During Seiji Ozawa’s student days he heard two American orchestras on tour in Japan, the Symphony of the Air and the Boston Symphony Orchestra, and these proved to be formative experiences. While still a student he began to conduct several different orchestras, including the NHK Symphony and Japan Philharmonic Orchestras; and he graduated from the Toho School in 1959, having won its first prize in both conducting and composition. With the intention of further study he travelled to Europe, where he supported himself by becoming a salesman for Japanese motor scooters in Italy and France. Here Ozawa saw an advertisement for the International Conducting Competetion at Besançon, decided to enter, and was awarded first prize. Two of the judges were particularly impressed with his talent: he studied further in France with Eugène Bigot, and Charles Munch, whom Ozawa had heard on tour in Japan, arranged for him to study at the Berkshire Music Center at Tanglewood during the summer of 1960.
Ozawa’s first visit to Tanglewood was very successful: he studied with Monteux and Munch, was awarded the prize for the most outstanding conducting student of the year, and won a scholarship to work in Berlin with Herbert von Karajan and the Berlin Philharmonic Orchestra. While in Berlin, he was heard by Leonard Bernstein, who was sufficiently impressed to engage him as an assistant conductor with the New York Philharmonic Orchestra in time for the orchestra’s forthcoming tour of Japan. Ozawa first conducted the NYPO at Carnegie Hall during April 1961, then visited Japan with it, and began his duties as assistant conductor at the start of the 1961–1962 season. He returned to Japan to conduct the NHK Symphony Orchestra in 1962, the year in which he also made his first appearance with the San Francisco Symphony Orchestra; and following engagements as a guest conductor with the Chicago Symphony Orchestra he was appointed artistic director of that orchestra’s Ravinia Festival, serving in this position from 1965 to 1969.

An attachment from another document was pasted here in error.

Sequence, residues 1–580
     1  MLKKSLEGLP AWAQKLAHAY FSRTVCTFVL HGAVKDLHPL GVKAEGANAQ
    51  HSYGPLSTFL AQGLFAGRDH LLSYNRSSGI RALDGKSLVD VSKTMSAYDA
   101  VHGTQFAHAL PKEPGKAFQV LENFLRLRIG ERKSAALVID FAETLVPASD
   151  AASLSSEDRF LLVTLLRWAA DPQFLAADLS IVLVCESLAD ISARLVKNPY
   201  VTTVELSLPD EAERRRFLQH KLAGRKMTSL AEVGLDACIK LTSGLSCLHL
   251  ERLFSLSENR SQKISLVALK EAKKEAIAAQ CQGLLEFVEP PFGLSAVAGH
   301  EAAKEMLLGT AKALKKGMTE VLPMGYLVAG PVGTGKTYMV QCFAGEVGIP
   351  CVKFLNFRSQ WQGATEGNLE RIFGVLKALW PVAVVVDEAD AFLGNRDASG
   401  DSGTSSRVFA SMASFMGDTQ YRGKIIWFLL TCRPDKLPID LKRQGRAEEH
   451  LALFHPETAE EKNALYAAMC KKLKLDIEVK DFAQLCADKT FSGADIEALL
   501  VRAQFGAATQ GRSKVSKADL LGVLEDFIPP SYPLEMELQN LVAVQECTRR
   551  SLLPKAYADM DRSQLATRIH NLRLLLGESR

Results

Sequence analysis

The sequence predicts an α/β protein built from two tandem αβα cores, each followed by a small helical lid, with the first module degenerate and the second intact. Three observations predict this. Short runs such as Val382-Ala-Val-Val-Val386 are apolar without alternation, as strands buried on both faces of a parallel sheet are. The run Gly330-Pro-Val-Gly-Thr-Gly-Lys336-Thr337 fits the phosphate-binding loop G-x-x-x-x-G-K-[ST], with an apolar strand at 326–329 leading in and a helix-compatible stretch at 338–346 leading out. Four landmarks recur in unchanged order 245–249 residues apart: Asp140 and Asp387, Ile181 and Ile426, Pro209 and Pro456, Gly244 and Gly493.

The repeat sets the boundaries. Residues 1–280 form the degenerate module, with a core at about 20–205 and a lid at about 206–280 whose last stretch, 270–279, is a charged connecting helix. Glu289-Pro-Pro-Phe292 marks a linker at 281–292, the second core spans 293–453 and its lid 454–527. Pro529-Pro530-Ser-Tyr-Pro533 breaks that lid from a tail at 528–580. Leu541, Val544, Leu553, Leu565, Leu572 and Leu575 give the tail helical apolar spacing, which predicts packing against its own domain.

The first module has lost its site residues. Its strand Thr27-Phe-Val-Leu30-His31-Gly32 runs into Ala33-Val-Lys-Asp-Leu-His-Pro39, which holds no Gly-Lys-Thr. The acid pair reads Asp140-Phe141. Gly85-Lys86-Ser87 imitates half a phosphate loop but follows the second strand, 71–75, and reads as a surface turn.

His career now progressed rapidly: he became chief conductor of the Toronto Symphony Orchestra in 1965, the year in which he led it on a highly successful tour of the United Kingdom. While at Toronto Ozawa worked as a guest conductor with several of the major American orchestras, including the Boston Symphony and Philadelphia Orchestras, and conducted for RCA Messiaen’s Turangalîla-Symphonie and Toru Takemitsu’s November Steps: highly praised recordings which did much to establish his international reputation. He became music adviser to the Japan Philharmonic Orchestra in 1968 and made his debut at the Salzburg Festival the following year, conducting Mozart’s Così fan tutte. In 1970 he was appointed artistic director of the Berkshire Music Center, alongside the composer and conductor Gunther Schuller, and chief conductor of the San Francisco Symphony Orchestra. While with this orchestra, Ozawa programmed a considerable amount of contemporary music, and built up close links with the Boston Symphony Orchestra on the other side of the country: in 1972 he was made that orchestra’s music adviser and in 1973 its chief conductor, as well as sole artistic director of the Berkshire Music Center. He was not to relinquish his direction of the Boston Symphony Orchestra until the end of its 2001–2002 season, creating an extraordinarily long period of tenure for a chief conductor of any symphony orchestra and rivalling the twenty-five-year reign of his distinguished predecessor Serge Koussevitzky. During Ozawa’s period with the orchestra he toured with it extensively, visiting Europe in 1976, 1979 and 1981, Japan in 1978, and China in 1979.